Yelp Dodges Claim That Advertising Begets Praise


     SAN FRANCISCO (CN) – A federal judge dismissed a class action that accused Yelp of bestowing positive reviews on businesses that advertise with it, while punishing those that decline with negative reviews.



     U.S. Magistrate Judge Edward Chen found that a class of business including Wheel Techniques failed to support allegations that Yelp employees or people working on behalf of the company wrote business reviews or that Yelp paid users to write reviews.
     Even if Yelp employees had written reviews, and even if they were paid for it, those acts raise only the “mere possibility that Yelp has authored or manipulated content” to “extort” advertising revenues, the 15-page decision states.
     Wheel Techniques claimed to have noticed negative reviews that did not match its customer records, but that “does not support the logical leap that Yelp created those reviews,” Chen wrote.
     The judge was also unmoved by claims that an unnamed source allegedly told the company’s owner that a former Yelp employee said that Yelp had fired sales employees for “scamming relating to advertising.” The alleged scamming could refer to a host of practices not involving manufacturing false reviews, according to the court.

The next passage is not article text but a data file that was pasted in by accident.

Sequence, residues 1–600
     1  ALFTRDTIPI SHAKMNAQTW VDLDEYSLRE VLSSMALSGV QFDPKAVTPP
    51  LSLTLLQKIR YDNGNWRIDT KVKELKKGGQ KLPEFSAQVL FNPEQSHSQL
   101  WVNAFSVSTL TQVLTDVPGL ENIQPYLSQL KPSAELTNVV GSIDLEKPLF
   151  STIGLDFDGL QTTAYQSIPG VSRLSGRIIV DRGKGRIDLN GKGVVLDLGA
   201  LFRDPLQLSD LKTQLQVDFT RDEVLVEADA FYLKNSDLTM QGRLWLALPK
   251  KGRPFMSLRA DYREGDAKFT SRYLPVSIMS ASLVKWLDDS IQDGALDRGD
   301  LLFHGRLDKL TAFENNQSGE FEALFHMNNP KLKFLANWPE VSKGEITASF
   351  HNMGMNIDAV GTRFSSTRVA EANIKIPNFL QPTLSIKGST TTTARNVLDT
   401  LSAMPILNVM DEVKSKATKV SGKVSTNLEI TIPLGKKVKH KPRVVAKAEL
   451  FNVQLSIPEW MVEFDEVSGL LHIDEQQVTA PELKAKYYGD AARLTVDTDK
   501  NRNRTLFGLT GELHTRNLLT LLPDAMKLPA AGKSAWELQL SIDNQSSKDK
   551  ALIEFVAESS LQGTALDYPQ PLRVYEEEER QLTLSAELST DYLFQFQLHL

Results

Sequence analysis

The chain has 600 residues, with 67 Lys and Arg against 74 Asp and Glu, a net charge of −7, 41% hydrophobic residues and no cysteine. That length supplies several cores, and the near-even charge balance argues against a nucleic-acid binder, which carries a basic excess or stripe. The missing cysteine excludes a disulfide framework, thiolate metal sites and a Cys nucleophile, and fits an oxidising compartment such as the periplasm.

Unless companies like Yelp create or develop part of the content, the Communications Decency Act immunizes these companies from liability for reviews created by third parties. Wheel Techniques failed to prove that Yelp had a hand in content development, and thus cannot claim it manipulated third-party reviews.
     Chen also rejected arguments that the motivation to drum up advertising revenue should eliminate its legal immunity. While Chen said he is “sympathetic to the ethical underpinnings” of the argument, he found that statute indicates that immunity applies regardless of whether the publisher acts in good faith.
     Finding a bad-faith exception to immunity could force Yelp to defend its editorial decisions on a case-by-case basis and reveal how it decides what to publish and what not to publish, according to the court. Chen added that this finding could lead Yelp to resist filtering out false or unreliable reviews or to immediately remove all negative reviews that incite business complaints.

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